The profit from making gasoline may more than double in the New York region through April as refinery maintenance cuts production and stockpiles.
Repairs will peak in March with 1.8 million barrels a day offline, equal to 10 percent of U.S. capacity, according to data from Energy Aspects Ltd. and CIBC World Markets Inc. That will help boost margins to $9 a barrel in April, from $3.30 this month, says Wood Mackenzie Ltd., an energy consultant. Suncor Energy Inc. (SU) should benefit as it keeps plants operating through the spring.
Most of the work will happen just as suppliers prepare to stock up on higher-quality fuel before the summer driving season. Gasoline demand averaged 454,600 barrels a day, or 5.3 percent, more in April than in January over the past five years. Retail prices may reach $3.75 a gallon this spring, from $3.307 on Feb. 10, according to AAA.
“We’re going to see a shortfall of gasoline in early spring,” Tom Finlon, the director of Energy Analytics Group Ltd., said by phone from Jupiter, Florida. “That’s a reason to be optimistic about gasoline margins.”
Gasoline futures settled yesterday at $2.7526 a gallon on the New York Mercantile Exchange, down 0.8 percent this year. That compares with a 7.4 percent gain in the period from the end of 2012 to Feb. 11, 2013.
On the Gulf Coast, Wood Mackenzie is projecting $13 a barrel in April from $6.30 this month, based on Light Louisiana Sweet crude, the regional benchmark. ESAI Energy LLC estimates April margins will be $11.75 a barrel.
U.S. refiners typically begin to switch over to summer gasoline in March or early April before terminals change by May 1. Summer-grade fuel has a lower vapor pressure, limiting emissions that normally increase with warmer weather and cause unhealthy ground-level ozone, according to the U.S. Energy Information Administration and Environmental Protection Agency.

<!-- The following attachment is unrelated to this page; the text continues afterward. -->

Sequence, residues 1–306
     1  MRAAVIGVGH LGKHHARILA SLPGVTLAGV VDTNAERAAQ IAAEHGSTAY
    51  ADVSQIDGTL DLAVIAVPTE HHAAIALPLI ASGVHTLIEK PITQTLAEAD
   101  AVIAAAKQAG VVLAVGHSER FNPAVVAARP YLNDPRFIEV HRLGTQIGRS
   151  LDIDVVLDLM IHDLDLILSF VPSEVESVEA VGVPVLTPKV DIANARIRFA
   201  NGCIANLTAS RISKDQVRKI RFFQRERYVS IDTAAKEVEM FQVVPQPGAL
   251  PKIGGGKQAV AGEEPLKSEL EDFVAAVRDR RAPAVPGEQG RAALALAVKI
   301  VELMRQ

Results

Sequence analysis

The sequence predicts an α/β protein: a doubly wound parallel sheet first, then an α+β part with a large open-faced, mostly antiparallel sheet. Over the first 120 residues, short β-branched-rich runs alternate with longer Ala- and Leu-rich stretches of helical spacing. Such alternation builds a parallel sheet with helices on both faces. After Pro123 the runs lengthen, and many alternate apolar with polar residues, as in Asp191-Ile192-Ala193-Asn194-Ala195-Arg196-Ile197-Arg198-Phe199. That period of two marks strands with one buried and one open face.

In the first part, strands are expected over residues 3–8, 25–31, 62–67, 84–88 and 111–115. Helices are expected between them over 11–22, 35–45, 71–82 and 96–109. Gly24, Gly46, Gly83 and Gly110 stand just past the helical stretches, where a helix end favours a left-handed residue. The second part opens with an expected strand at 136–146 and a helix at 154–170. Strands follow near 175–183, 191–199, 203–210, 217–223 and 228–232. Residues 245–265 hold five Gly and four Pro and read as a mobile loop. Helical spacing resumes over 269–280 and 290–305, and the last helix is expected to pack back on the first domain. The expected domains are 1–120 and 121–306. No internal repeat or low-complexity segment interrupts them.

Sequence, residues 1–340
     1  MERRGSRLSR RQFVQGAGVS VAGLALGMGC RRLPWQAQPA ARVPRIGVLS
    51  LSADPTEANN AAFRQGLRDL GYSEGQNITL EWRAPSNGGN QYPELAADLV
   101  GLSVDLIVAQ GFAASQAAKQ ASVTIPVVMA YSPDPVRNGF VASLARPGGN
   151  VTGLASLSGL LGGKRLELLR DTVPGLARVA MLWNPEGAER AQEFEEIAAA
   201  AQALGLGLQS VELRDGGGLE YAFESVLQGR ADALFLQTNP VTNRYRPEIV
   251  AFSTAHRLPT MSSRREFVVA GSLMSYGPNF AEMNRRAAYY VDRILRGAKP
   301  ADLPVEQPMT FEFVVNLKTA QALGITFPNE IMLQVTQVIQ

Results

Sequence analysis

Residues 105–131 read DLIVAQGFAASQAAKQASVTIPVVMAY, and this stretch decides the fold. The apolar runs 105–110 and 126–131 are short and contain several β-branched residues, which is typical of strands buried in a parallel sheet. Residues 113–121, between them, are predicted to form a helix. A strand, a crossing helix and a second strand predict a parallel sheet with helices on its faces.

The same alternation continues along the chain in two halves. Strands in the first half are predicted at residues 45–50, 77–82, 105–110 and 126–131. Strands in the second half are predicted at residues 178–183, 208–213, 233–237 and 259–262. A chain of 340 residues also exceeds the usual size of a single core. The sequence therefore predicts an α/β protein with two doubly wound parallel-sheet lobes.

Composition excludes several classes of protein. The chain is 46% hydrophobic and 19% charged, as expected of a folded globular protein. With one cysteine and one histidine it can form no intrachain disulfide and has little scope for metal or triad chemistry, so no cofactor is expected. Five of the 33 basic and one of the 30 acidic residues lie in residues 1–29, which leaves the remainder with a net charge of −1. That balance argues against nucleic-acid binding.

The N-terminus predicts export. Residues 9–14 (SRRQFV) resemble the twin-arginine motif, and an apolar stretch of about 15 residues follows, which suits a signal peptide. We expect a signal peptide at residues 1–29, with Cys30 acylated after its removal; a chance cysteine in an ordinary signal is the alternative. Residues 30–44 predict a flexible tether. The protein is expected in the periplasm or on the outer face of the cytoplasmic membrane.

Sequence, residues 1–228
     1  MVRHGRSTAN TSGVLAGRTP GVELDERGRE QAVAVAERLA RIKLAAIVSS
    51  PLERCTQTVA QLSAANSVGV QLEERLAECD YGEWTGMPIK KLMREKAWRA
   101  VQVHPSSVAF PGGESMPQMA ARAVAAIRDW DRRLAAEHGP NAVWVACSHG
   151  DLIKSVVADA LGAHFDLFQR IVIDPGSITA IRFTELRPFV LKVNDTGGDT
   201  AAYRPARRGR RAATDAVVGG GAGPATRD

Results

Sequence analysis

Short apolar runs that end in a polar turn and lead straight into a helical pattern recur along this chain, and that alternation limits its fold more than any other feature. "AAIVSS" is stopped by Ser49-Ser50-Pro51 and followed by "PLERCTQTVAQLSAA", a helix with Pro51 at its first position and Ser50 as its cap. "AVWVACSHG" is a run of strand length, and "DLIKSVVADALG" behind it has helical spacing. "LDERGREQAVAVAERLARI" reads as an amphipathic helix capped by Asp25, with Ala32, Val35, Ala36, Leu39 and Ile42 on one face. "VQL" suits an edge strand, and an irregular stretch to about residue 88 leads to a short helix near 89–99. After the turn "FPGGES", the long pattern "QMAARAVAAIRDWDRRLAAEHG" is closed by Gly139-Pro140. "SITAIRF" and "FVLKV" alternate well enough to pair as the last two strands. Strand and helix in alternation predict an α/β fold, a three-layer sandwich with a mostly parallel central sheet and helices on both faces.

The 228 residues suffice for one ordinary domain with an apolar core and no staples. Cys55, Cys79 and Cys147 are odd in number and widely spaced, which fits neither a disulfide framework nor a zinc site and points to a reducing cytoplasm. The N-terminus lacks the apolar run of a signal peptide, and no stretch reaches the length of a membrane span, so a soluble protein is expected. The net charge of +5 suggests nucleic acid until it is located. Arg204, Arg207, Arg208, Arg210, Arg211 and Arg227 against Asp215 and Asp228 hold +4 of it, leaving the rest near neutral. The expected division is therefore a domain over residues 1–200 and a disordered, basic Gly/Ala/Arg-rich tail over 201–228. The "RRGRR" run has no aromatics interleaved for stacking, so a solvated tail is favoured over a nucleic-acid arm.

“The summer gasoline build is going to start later this year and may put refineries in a pinch before the driving season starts,” said Harold York, a principal analyst at Wood Mackenzie in Houston. “That will put some upward pressure on gasoline prices and help margins look a little better.”
Refiners can’t use as wide a range of components to blend the fuel, which combined with higher demand during the peak driving season between Memorial Day in late May and Labor Day weekend in early September tends to boost retail prices.
Regular gasoline at U.S. pumps averaged 31.4 cents a gallon more in July than in January from 2009 to 2013, according to Heathrow, Florida-based AAA. Retail prices rose in March in four out of the past five years and may peak at $3.75 a gallon this spring, compared with $3.79 in 2013, the nation’s largest motoring group said.
Stockpiles of gasoline were 235 million barrels in the week ended Jan. 31, the highest level for the time of year since 2011 and 0.4 percent higher than a year ago, government data show. Supplies have declined an average of 15.8 million barrels in February, March and April in the past five years.
Along the Gulf Coast, Motiva’s Convent, Louisiana, refinery began maintenance on units last week. The company began carrying out work Jan. 31 on a hydrocracker and naphtha hydrotreater at its Norco plant, also in Louisiana. The two sites have the ability to process a combined 505,000 barrels a day, according to data compiled by Bloomberg.